Shop 13, 2/F, J Residence (Entrance on 18 Ship Street)
60 Johnston Rd, Hong Kong
+852 2850 8371
Why did we dine here? – Bo Innovation is a molecular gastronomy Chinese restaurant in Hong Kong’s Wanchai District hidden away down an alley and upstairs. They were featured on Anthony Bourdain’s No Reservations TV show way back in 2008. Bo received two Michelin Stars in the latest edition of the Hong Kong Michelin guide, previously had one star. Chef Alvin Leung Jr, is a bit of a renegade and has attracted a lot of attention world wide. He was not in the kitchen on our visit.
We’ve been always tempted to try this restaurant but had not because we were worried about gimmicky molecular food. In 2013, after seeing them stay on the Michelin Star list for a while, and also having gone to most of the 2 and 3 star restaurants in Hong Kong, we decided it was time to give them a try.
Bo has a reasonable HK$288 or roughly US$40 lunch, making this a no-brainer to us. Of course after we selected all the optional dishes, our costs were far higher than this! Dinner costs several times more.
It was easy to make reservations by email although they require a credit card to hold it.
Bo Innovation has modern decor with abstract art and cool table pieces. The restaurant’s interior is fairly small with just 8 tables. Exterior patio dining is available for cooler days. There is a techy looking mosaic of the chef outside. His nickname in Chinese is Magic Chef or Demon Chef.
Insider Tip – Make reservations, come for lunch to lighten the bill
Cuisine – Modern Cantonese with molecular elements
Location – Wanchai, Hong Kong Island
Opened – 2008
Service – Impeccable. Bo Innovation had some of the best service we have had in a long while. The waiter knew the menu cold and helped us select the best options. We ended up trying almost everything on the menu. There were no worries about refills, plate changes, napkin folding, or any other service requests. They took care of everything and anticipated our needs. Wow!
Verdict – Bo Innovation could have been a gimmicky disaster and we had gone into the experience expecting far less. We can highly recommend this place for its innovative Chinese cuisine and excellent service. They take classic Chinese dishes to a new level, something that is fun for experienced Chinese food veterans. We received more food than expected, so do not over order.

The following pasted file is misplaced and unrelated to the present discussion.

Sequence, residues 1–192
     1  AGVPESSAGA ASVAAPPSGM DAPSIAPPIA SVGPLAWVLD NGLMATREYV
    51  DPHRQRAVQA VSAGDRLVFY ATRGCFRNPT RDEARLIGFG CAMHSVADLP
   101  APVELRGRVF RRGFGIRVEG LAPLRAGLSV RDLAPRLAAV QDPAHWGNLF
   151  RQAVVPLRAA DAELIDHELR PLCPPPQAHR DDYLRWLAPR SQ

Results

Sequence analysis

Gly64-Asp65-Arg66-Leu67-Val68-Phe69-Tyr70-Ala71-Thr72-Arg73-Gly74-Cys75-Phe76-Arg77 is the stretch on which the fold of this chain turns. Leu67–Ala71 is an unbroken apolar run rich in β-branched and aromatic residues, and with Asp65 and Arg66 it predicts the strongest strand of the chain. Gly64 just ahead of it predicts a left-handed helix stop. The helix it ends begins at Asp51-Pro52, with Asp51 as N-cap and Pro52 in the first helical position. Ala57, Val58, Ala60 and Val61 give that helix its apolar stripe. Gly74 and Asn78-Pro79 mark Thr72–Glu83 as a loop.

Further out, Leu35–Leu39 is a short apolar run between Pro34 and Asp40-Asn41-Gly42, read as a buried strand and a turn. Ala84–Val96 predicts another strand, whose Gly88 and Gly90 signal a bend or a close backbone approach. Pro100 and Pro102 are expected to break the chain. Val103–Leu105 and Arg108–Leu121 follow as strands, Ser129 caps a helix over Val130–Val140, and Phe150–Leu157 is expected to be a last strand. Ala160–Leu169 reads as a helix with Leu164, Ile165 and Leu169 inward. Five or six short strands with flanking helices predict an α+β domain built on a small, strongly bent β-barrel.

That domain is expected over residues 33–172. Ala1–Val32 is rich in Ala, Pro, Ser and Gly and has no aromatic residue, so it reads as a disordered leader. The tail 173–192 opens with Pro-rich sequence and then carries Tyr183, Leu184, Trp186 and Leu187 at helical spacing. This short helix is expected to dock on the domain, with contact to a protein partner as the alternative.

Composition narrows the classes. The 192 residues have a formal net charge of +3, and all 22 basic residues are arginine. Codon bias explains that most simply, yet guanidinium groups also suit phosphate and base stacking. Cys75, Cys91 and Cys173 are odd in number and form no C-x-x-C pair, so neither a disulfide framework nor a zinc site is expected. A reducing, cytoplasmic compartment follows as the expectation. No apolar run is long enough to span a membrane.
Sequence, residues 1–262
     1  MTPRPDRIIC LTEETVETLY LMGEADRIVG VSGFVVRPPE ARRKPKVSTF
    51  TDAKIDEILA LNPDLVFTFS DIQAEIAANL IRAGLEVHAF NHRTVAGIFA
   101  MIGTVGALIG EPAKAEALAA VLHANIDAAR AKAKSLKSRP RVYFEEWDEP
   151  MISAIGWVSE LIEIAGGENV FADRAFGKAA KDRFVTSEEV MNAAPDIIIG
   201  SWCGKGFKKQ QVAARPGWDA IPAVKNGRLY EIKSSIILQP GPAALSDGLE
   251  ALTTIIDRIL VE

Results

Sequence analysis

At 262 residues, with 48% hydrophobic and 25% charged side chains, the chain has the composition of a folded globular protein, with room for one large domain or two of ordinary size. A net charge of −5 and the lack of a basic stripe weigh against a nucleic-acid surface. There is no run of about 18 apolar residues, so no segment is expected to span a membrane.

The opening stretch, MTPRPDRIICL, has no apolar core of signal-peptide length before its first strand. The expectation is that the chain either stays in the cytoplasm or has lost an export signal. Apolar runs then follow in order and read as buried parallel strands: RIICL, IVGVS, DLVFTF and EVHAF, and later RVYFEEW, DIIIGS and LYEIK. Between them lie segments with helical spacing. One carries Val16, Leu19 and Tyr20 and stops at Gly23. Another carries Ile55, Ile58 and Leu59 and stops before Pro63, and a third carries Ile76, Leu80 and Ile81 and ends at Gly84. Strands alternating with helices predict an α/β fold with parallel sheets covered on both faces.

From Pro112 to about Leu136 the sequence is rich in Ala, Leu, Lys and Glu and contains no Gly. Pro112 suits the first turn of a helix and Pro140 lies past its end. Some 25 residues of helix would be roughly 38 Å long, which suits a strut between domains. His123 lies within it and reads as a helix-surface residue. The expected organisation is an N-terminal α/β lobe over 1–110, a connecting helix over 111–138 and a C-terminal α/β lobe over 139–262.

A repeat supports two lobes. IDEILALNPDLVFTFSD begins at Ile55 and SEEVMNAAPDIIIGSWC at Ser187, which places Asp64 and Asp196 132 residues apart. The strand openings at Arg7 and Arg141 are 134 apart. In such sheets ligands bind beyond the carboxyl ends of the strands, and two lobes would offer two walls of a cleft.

Bo Innovation Signature Dishes – molecular xiao long bao, classic Bo dishes like Risotto.
Bo Innovation’s Lunch Menu allows you to select 2 dishes from their Dim Sum or classic Bo menu, a main course, a starch dish, and finally dessert.
Dinner is far more molecular than lunch. The menu slightly changes with the seasons.
Bo Innovation Set Lunch HK$ 288.00 (plus 10% service charge)
Lunch Main Course
• slow cooked, suckling pig, chinese vinegar, egg – The pig looked like a big mushroom but was a precut portion stuffed with lap cheung. Long cooked to a tender state it was a bit chewy still. Interesting but a bit meaty.
• pigeon, stuffed with chinese liver sausage, shiitake mushroom cake, chicken jus infused sour plum – It looked great and tasted great. Nice medium rare breast and leg. Nice little baby carrot.
• pan roasted scallop, crispy woba, peas, shanghainese “jo lo” ($100 supplement) – This scallop from Japan had some weird sauce flavors and a bit of crispy rice. We wouldn’t pay the supplement for this awkward dish.
• carabinero red prawn, “har mi”, “lo mein”, chili ($150 supplement) – Frankly not work the upcharge, this had 2 fresh and sweet prawns. Not big, medium sized, messy, and nothing special.
Starch and Dessert du jour – Nicely done homemade thin egg noodles provided the starch component. An alternate version was a nicer fried rice with roe, seaweed, scallop, and soy sauce dish.
Fresh strawberry ice cream with chocolate white cake was on the creamy side. Nothing wrong with this, but they probably should have done a play on a Chinese dessert like red bean soup or sago.
Lunch Dim Sum Selections:
• “har gau” black truffle XO (2 pcs) ($50) – Bo uses tiger prawns and a bit of truffles to make this different. The dumpling possessed a crunchy top and some solid fresh shrimp flavor.
• deep fried cuttlefish, kaffir lime sauce (2 pcs) ($50) – These large, nicely textured balls of fun were excellent. One bite and all the juice comes pouring out.
• chicken, pesto bamboo shoot spring roll (2 pcs) ($50) – Very crunchy and well made egg rolls, although we would concentrate on the other dishes.
classic “bo” dishes
• cauliflower risotto, black truffle, duck jus (v) ($50) – This faux rice possessed a grainy textured rice made of the vegetable along with a really nice duck gravy.
• black truffle “cheung fun” (v) ($50) – Anything with truffles will get our order. This had a light truffle flavor and smell, that added to the chewy texture of the noodles. They could have gone easier on the soy sauce.
• pan fried foie gras, mui choy ($230) – We had to order this dish because love foie and it is banned in California. The mui choy ice cream sounded gross but proved to be a nice, sweet savory accent to the rich foie. The foie was a bit dry and didn’t look too appetizing, but it hit the spot nonetheless.
• molecular xiao long bao (v) ($90) – was another dish we had to order. This fun little flavor explosion did not possess the texture of a dumpling (It was like a mochi ball), but sure did encapsulate its flavor profile. Definitely a must order dish.
(V) Can Be Made For Vegetarians
MTR: Wan Chai
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